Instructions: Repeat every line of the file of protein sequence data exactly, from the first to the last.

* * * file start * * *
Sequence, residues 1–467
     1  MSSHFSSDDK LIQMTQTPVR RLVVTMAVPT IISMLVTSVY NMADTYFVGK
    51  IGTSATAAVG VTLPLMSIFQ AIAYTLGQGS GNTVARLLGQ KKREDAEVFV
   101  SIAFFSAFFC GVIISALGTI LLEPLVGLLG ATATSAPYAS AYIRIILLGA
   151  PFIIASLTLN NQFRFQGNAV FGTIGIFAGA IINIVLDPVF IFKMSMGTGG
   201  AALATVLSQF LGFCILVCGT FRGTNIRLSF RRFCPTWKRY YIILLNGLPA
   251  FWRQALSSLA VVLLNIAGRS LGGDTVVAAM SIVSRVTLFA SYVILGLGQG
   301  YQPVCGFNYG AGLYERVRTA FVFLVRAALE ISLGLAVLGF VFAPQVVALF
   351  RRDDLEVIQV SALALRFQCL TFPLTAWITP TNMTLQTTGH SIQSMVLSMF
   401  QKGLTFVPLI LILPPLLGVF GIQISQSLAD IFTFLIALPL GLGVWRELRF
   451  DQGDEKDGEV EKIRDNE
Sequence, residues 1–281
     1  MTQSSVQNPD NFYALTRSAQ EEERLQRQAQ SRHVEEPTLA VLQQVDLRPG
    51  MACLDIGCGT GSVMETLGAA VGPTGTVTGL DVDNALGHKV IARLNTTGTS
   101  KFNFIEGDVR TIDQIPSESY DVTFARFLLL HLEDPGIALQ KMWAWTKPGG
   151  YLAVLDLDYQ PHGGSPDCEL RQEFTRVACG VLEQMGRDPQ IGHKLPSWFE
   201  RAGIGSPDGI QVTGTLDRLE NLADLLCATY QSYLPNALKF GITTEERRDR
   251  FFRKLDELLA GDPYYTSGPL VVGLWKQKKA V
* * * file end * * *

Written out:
Sequence, residues 1–467
     1  MSSHFSSDDK LIQMTQTPVR RLVVTMAVPT IISMLVTSVY NMADTYFVGK
    51  IGTSATAAVG VTLPLMSIFQ AIAYTLGQGS GNTVARLLGQ KKREDAEVFV
   101  SIAFFSAFFC GVIISALGTI LLEPLVGLLG ATATSAPYAS AYIRIILLGA
   151  PFIIASLTLN NQFRFQGNAV FGTIGIFAGA IINIVLDPVF IFKMSMGTGG
   201  AALATVLSQF LGFCILVCGT FRGTNIRLSF RRFCPTWKRY YIILLNGLPA
   251  FWRQALSSLA VVLLNIAGRS LGGDTVVAAM SIVSRVTLFA SYVILGLGQG
   301  YQPVCGFNYG AGLYERVRTA FVFLVRAALE ISLGLAVLGF VFAPQVVALF
   351  RRDDLEVIQV SALALRFQCL TFPLTAWITP TNMTLQTTGH SIQSMVLSMF
   401  QKGLTFVPLI LILPPLLGVF GIQISQSLAD IFTFLIALPL GLGVWRELRF
   451  DQGDEKDGEV EKIRDNE
Sequence, residues 1–281
     1  MTQSSVQNPD NFYALTRSAQ EEERLQRQAQ SRHVEEPTLA VLQQVDLRPG
    51  MACLDIGCGT GSVMETLGAA VGPTGTVTGL DVDNALGHKV IARLNTTGTS
   101  KFNFIEGDVR TIDQIPSESY DVTFARFLLL HLEDPGIALQ KMWAWTKPGG
   151  YLAVLDLDYQ PHGGSPDCEL RQEFTRVACG VLEQMGRDPQ IGHKLPSWFE
   201  RAGIGSPDGI QVTGTLDRLE NLADLLCATY QSYLPNALKF GITTEERRDR
   251  FFRKLDELLA GDPYYTSGPL VVGLWKQKKA V